In the October 2020 report, Stress in AmericaTM 2020: A National Mental Health Crisis, the American Psychological Association issued a warning about the impact of these stressful events on long-term physical and mental health. We warned that Americans faced a second pandemic — one that would persist even after the physical threat of the virus has been addressed. APA’s most recent survey of U.S. adults, conducted in late February 2021 by The Harris Poll, indicates that this is coming to fruition. Read more »
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There’s not much solid data on this, but some clinicians, like Dr. Booth Watkins and Elisa Nebolsine, a cognitive behavioral therapist in Falls Church, Va., say that the levels of distress, including suicidality, in their adolescent patients is among the highest they’ve seen in their careers. Nebolsine says that’s because the pandemic is making it hard for teenagers to meet basic developmental needs. Read more »
Five states, California, Illinois, New Jersey, Oregon and Colorado have mandates for public schools to teach LGBT-inclusive curriculum, which varies from the roles and contributions of LGBT figures in history to sex education. Yet experts say there is very little to enforce these requirements, whether that’s districts implementing the curriculum to teachers using it in their classrooms. Read more »
This Voices of Compassion podcast episode features Dr. Joaquin Burciaga, a neuropsychologist at CHC and dad of a daughter with special needs. Hear about Joaquin’s parenting journey, what he and his wife have learned, how they make it work for their family and find joy in the process. Read more »
The U.S. Education Department has released the first in a series of school surveys intended to provide a national view of learning during the pandemic. It reveals that the percentage of students who are still attending school virtually may be higher than previously understood. Read more »
Digital picture books have been a godsend during the pandemic. With libraries shuttered and bookstores a nonessential trip, many parents have downloaded book after book on tablets and smartphones to keep their little ones reading.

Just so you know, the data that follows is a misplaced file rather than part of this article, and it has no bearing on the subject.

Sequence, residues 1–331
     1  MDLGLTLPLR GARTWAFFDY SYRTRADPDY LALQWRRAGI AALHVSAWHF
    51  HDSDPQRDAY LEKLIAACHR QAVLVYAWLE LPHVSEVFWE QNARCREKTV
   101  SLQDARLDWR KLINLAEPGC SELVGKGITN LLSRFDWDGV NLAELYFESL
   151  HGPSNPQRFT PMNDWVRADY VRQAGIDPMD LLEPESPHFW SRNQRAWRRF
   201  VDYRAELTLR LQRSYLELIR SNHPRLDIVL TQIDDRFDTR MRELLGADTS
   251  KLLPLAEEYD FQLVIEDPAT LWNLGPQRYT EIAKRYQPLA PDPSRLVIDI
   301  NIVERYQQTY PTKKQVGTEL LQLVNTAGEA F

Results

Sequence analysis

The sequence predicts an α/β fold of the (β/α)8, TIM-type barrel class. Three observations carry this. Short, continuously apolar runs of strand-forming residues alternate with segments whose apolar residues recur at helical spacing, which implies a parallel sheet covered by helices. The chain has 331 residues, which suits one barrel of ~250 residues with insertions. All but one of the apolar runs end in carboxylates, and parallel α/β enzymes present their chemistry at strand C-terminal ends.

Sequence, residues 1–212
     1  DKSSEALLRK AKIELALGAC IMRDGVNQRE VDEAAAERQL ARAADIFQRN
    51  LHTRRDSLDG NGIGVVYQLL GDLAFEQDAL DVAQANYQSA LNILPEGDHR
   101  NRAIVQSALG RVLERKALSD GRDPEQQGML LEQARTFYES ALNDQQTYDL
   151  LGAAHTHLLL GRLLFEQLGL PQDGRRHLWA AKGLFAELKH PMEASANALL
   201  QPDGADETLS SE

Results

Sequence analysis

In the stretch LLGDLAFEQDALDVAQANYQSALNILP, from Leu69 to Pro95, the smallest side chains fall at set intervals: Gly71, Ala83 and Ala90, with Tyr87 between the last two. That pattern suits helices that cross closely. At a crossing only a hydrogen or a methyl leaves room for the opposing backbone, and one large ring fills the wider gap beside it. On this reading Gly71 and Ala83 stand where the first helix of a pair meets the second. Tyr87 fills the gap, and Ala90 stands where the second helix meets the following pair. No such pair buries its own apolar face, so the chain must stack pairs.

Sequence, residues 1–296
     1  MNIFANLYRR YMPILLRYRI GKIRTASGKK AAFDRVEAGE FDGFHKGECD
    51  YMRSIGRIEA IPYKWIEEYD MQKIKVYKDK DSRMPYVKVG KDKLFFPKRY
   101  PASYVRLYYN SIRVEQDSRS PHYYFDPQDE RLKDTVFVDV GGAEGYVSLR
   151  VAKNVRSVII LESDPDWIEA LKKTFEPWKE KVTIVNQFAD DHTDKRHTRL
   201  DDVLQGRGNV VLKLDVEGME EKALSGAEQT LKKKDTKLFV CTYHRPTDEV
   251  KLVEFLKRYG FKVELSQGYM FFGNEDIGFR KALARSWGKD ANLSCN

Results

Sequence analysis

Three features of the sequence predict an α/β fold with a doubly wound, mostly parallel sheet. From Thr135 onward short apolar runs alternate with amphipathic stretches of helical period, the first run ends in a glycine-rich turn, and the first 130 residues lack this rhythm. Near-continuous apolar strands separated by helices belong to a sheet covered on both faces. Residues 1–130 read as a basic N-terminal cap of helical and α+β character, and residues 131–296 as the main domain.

But when the pandemic is over, many parents will face a dilemma. Should they revert back to print or stick with e-books? Do kids absorb and learn to read more from one format versus the other? Read more »
Since COVID-19 became news in the United States, hate speech and violence against the Asian American Pacific Islander (AAPI) community has spiked.
We can encourage you to explore the following resources to learn more about history of anti-Asian racism, why it is on the rise, and the steps we can all take to address it.
Online Therapy for Babies and Toddlers With Delays Often Works Well — but Funding Isn’t Keeping Up With the Need
In the United States, an estimated 15 percent of children ages 3 to 17 have developmental delays or disabilities; in children’s first years, some of these delays may be evident in late acquisition of skills like crawling, walking and talking. Research shows that early help from experts in the form of speech, physical or occupational therapy and support from pediatric specialists can have profound results for children and often help them meet the same milestones as their peers. Read more »
The Centers for Disease Control and Prevention (CDC) is updating K–12 school guidance to reflect the latest science on physical distance between students in classrooms. CDC now recommends that, with universal masking, students should maintain a distance of at least 3 feet in classroom settings. Read more »
As students return to schools shuttered by the coronavirus pandemic, many large school districts are not prepared to meet the needs of well more than 1 million students with disabilities who have a legal right to receive support and services but are not getting them ― and the problem is most severe for students of color, according to a new report. Read more »